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Uganda’s Global Fund coordinating board gets first Transman member

Uganda’s Global Fund coordinating board gets first Transman member

Apako Williams was elected to serve on the Global Fund Country Coordinating Mechanism 


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By Joto La Jiwe

Apako Williams (Photo courtesy of Kuchu Times)
Apako Williams (Photo courtesy of Kuchu Times)

Celebrations are in order for the Uganda LGBTQI+ community, following the election of Apako Williams as a board member of the Uganda Country Coordinating Mechanism of the Global Fund, a worldwide partnership to fight HIV, tuberculosis, and malaria.

Apako, a trans man, will serve as the representative of Key Populations on the board. “Key Populations” refer to marginalized communities disproportionately affected by diseases such as HIV/AIDS, tuberculosis, and malaria, including transgender individuals, sex workers, men who have sex with men, and people who inject drugs.

Apako is the Executive Director of Tranz Network Uganda, an indigenous not-for-profit umbrella organization for transgender and gender diverse persons’ organizations in Uganda established in 2014.

The Uganda Country Coordinating Mechanism (UCCM) was created by the Global Fund to govern the use of Global Fund resources in Uganda, reflecting the principles of national ownership and participatory decision-making. The UCCM is responsible for coordinating submission of fresh proposals, process requests for continued funding, selecting principal recipients, as well as oversight on all Global Fund.

The UCCM comprises of members from the government, civil society organizations, academia, the private sector, UN agencies and other bilateral agencies, and representatives of key populations.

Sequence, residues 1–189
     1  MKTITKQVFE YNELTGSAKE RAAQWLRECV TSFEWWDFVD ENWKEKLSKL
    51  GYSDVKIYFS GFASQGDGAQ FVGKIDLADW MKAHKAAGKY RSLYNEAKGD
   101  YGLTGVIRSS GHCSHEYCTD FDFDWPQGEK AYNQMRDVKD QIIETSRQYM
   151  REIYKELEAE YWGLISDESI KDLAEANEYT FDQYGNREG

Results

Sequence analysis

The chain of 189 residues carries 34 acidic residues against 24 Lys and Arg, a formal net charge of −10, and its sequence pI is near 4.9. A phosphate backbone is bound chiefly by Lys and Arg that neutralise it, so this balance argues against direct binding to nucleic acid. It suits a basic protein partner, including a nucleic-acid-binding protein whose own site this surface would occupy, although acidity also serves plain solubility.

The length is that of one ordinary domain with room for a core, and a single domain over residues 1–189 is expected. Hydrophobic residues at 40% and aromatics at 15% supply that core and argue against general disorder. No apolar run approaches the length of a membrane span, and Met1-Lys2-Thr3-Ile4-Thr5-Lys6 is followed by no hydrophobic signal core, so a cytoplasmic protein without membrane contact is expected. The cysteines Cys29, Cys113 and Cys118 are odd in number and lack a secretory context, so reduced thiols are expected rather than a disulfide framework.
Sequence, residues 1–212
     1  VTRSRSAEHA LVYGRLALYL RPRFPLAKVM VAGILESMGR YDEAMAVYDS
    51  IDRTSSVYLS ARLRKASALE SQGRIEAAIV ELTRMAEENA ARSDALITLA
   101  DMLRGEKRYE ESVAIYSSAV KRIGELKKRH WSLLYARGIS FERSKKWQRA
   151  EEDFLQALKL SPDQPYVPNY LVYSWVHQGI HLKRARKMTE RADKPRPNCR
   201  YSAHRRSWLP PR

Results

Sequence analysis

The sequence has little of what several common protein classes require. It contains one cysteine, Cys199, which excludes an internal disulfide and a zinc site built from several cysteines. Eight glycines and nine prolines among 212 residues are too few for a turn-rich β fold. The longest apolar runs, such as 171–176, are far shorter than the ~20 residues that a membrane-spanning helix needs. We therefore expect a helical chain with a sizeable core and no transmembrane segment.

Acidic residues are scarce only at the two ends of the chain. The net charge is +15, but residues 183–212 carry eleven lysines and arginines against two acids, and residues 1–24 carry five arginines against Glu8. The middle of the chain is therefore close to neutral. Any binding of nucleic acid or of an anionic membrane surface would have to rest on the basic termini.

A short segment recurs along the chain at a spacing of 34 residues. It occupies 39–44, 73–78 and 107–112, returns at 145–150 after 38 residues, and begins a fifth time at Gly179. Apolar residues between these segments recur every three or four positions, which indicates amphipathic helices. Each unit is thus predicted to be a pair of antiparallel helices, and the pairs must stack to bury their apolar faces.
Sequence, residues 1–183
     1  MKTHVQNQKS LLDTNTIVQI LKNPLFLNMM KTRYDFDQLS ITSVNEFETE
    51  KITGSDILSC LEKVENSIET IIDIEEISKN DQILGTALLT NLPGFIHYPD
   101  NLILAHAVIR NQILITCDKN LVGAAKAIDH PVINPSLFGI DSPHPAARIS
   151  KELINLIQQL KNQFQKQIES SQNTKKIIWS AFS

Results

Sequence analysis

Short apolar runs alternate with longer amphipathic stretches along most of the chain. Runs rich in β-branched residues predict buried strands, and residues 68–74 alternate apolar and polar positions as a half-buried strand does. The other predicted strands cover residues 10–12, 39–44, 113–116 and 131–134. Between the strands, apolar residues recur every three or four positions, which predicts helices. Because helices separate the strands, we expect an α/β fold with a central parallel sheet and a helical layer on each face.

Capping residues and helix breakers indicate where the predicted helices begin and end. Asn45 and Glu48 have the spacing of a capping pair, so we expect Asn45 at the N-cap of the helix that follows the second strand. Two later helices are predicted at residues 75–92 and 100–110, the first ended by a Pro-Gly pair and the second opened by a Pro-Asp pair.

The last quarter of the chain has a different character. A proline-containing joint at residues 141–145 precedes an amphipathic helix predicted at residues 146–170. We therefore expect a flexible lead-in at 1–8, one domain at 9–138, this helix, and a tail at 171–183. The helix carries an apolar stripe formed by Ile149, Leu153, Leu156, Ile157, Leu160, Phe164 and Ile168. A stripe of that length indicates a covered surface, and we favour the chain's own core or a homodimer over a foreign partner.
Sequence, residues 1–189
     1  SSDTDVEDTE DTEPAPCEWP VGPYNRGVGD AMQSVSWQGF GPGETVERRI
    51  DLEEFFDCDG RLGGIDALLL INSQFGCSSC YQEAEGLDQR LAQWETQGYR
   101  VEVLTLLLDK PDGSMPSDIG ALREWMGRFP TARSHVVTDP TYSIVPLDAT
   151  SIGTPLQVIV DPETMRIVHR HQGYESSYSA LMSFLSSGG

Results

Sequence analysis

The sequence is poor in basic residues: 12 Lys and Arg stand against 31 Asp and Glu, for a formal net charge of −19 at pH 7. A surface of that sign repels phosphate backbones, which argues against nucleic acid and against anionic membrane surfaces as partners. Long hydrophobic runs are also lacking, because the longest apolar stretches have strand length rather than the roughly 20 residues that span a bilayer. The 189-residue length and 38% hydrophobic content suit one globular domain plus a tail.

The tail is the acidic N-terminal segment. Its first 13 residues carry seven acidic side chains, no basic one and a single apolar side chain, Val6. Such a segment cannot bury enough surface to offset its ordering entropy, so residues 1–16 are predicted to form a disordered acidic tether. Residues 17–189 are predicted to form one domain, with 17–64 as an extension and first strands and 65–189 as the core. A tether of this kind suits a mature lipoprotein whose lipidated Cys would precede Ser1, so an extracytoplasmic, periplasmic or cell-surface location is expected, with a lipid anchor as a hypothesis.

People who have worked closely with Apako believe that he is up to the task.

Blogger Daniels Mukwano says Apako Williams brings a fresh perspective to a position of immense importance in advocating for the rights and well-being of transgender community in Uganda.

“Apako Williams’ election… is a remarkable achievement that marks an important milestone in Ugandan society. By breaking barriers and advocating for the rights and healthcare needs of marginalized communities, Williams is championing necessary change, fostering understanding, and paving the way for a more inclusive future,” Mukwano says. “His unwavering dedication to promoting the rights of marginalized communities exemplifies the power of resilience, determination, and community advocacy. Through his work, Williams not only uplifts those facing similar challenges but also creates spaces for meaningful dialogue and understanding within Ugandan society.”

Apako Williams’ journey leading up to this prestigious position has been fraught with challenges and resilience. As a member of the transgender community in Uganda, he has experienced firsthand discrimination, stigma, and social isolation that is often directed to members of minority groups. However, through determination and unwavering commitment, Williams has persevered, standing tall as a beacon of hope for others who face similar struggles.

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Williams’ election as the representative of Key Populations at the Uganda Country Coordinating Mechanism couldn’t have come at a more critical time.

With the escalation of human rights abuses directed at suspected and known LGBTQI+ persons under the pretext of implementing the Anti-Homosexuality Act (AHA) 2023, his presence on the UCCM is vital because it puts him in position to advocate and ensure that the needs and rights of the people he represents are adequately addressed within the public health framework of Uganda.

His appointment signifies a meaningful step towards a more inclusive approach in healthcare planning, programming, and policy-making.

But with AHA in place, it also means that he has to work harder than his predecessors and fellow board members.

Joto La Jiwe, the author of this article, is a Ugandan correspondent for the African Human Rights Media Network. He writes under a pseudonym. Contact him at info@76crimes.com.

 

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